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Electric bear fence installed around beehives.

DIY Install a Electric Bear Fence

Charlotte Anderson @ Carolina Honeybees, LLC
Learn how to set up an electric fence to deter bears and protect your apiary.
4.25 from 4 votes


  • 1 roll electric fence wire (or tape, netting etc.)
  • 8 electric fence posts (or wooden poles)
  • 1 bag wire insulators (type depends on posts used)
  • 2 grounding rods (more if larger area)
  • 1 electric fence gate (optional)


  • Select a Strong Charger
    Make sure you have a strong enough charger (or energizer) and suitable strength wire. This is not a job for a unit designed to discourage bunnies.
    A high voltage is necessary to have any chance of success. Most beekeepers use a charger with a minimum of 5000-7000 volts. I always look for one with a picture of a bull on it – you want a “bull tough” charger. A solar charger (one that uses batteries) or an electric model - either is suitable.
    Solar electric fence charger for bee yard protection from bears.
  • Choose Wire
    Electric fence wire is not very expensive. The most common size is 14-15-gauge wire. It can be ordered online or picked up at a local farm supply store.
    Polywire is also a good option. Any conductive wire will work. Some beekeepers use pieces of field fencing or cattle panels.
    Strands of electric fence wire on posts.
  • Prepare Insulators
    Insulators are plastic pieces (or ceramic) that hold the wires away from the post and are necessary for the fence to work.
    Plastic insulators can be purchased to use on t-post, fiberglass post or wooden post. Make sure you purchase the type of insulator that goes with your post type.
    Of course, you will also need posts to hold your electric fence wire up. Posts (wooden, t-posts or fiberglass) should be installed every 8 feet. The number needed of course depends on the area you hope to protect.
    Plastic electric fence insulator.
  • Visually Layout Your Apiary Fence
    When you are laying out your fence perimeter, be generous. The fence should be 4 feet from the hives.
    You do not want to encourage the bear to reach inside. Also, leave plenty of room for you to work in your bee yard! It would not be good to bend over and have your - posterior hit the fence.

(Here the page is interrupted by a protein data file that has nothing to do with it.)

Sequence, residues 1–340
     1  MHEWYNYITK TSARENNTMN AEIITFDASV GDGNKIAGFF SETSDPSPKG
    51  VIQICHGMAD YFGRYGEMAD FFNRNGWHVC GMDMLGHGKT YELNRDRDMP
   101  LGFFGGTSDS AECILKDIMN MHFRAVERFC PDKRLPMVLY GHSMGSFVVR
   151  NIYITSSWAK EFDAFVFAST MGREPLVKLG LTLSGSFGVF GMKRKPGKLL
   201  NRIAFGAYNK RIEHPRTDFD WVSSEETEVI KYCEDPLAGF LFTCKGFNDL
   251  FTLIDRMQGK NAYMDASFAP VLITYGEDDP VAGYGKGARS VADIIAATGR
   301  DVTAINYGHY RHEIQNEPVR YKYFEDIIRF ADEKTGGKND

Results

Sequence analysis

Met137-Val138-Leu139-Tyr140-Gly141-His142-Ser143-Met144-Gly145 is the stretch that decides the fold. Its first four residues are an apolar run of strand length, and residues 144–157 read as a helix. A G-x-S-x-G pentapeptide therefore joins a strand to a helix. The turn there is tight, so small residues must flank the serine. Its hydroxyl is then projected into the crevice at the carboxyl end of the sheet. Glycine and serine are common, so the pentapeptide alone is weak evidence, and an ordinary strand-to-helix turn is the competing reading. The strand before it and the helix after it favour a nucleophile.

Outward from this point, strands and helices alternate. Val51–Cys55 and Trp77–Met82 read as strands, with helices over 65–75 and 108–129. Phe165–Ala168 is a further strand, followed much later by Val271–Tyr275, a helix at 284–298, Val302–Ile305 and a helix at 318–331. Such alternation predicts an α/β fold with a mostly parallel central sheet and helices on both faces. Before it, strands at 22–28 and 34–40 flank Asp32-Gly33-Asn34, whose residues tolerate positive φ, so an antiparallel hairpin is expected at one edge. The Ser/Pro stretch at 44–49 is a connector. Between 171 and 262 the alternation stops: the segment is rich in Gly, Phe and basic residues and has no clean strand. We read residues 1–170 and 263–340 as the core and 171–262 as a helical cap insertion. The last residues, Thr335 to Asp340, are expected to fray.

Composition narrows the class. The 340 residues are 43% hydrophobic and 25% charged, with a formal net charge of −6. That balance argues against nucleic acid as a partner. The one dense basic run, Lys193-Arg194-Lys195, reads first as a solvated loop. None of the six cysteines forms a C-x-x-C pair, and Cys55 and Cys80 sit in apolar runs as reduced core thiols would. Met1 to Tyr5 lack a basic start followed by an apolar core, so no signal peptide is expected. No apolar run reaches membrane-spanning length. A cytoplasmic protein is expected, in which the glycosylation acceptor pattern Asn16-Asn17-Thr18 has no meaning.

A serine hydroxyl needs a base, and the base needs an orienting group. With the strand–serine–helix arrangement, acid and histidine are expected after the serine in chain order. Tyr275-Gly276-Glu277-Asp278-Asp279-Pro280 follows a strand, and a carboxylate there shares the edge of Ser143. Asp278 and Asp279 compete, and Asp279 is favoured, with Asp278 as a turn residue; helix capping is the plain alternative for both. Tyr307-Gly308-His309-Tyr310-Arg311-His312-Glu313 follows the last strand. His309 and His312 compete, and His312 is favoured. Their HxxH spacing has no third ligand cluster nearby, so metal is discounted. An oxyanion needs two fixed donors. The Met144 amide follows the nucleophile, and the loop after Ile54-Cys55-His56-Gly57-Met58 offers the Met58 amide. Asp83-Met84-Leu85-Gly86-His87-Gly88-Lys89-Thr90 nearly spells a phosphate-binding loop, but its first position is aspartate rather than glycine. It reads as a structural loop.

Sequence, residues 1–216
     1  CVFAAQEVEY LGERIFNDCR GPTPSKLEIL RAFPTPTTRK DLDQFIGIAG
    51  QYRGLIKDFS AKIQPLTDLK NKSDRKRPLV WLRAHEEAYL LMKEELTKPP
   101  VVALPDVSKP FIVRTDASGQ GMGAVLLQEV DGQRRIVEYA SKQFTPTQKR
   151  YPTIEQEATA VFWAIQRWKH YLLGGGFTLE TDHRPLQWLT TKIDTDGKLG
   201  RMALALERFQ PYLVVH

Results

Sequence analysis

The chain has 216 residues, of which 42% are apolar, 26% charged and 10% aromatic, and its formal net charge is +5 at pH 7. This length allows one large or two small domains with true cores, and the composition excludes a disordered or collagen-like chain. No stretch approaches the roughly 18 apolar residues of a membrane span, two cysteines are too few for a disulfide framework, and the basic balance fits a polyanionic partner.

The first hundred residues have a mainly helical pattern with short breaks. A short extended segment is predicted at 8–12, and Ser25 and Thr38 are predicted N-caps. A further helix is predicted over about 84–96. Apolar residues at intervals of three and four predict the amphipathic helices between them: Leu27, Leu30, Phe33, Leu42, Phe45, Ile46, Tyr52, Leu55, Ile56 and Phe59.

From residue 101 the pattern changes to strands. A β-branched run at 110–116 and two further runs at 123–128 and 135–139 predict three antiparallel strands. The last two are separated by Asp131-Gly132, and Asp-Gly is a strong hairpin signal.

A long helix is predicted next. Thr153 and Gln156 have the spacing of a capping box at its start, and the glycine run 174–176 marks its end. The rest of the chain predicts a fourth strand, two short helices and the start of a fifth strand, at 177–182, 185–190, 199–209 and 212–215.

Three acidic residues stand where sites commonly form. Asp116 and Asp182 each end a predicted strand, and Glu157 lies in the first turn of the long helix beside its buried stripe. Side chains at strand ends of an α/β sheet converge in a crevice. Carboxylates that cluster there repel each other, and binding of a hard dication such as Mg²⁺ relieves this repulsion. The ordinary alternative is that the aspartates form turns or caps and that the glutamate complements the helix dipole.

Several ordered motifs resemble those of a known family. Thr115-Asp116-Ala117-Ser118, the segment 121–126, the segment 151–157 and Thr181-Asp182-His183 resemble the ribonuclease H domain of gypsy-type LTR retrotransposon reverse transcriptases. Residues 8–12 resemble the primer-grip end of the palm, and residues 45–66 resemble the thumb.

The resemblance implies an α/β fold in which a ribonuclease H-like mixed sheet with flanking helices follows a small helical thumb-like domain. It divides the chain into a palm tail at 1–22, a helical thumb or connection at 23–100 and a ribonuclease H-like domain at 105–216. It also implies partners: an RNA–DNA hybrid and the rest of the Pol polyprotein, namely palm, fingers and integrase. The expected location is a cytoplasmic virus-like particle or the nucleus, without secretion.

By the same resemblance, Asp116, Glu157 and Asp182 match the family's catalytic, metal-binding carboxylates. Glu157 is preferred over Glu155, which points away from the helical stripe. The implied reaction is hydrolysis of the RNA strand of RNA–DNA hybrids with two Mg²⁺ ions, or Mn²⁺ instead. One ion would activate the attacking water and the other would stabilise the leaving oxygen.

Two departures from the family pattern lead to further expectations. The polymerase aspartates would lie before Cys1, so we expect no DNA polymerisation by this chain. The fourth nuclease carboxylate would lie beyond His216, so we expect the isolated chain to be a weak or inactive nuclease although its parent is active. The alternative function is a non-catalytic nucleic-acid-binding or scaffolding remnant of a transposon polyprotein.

Also consider how you will access the yard. Unplug and step over or create a gate area that allows access.
    Plastic electric fence gate to allow access to beehives.
  • Setting Up the Electric Fence
    Install your metal t-posts (or other – usually the best choice- (every 8 feet) and at least 4 feet from the hives. Wooden posts are acceptable too if installing snuggly in the ground.
    You can use plastic posts to hold wire but they will not stand up as well to bear attempts. Still, they are easier to install -especially in rocky soil. Be sure they are not spread too far apart – we do not want the wire to sag at all – but rather be tight.
    Attach wires or netting etc – using the proper insulators if needed. The plastic insulator keeps the current in the wire instead of following the post to the ground.
    The most common recommendation is to use 5 wires 8-10 inches apart. The lowest wire should not be more than 8” off the ground.
    Wires 1, 3 and 5 would be “hot” or charged wires. Wires 2 and 4 would be ground wires that are not charged. The fence should be at least 42” tall.
    Attach your wires and grounding rod to the fence charger. Install the grounding rods and you are done!
    Now power up the charger. Use an electric fence tester or voltage meter -to safely test your fence – don’t touch it with your hand!
    Five closely spaced electric fence wires for bear fence in bee yard.


Always read and follow the manufacturer's directions when working with electric chargers.
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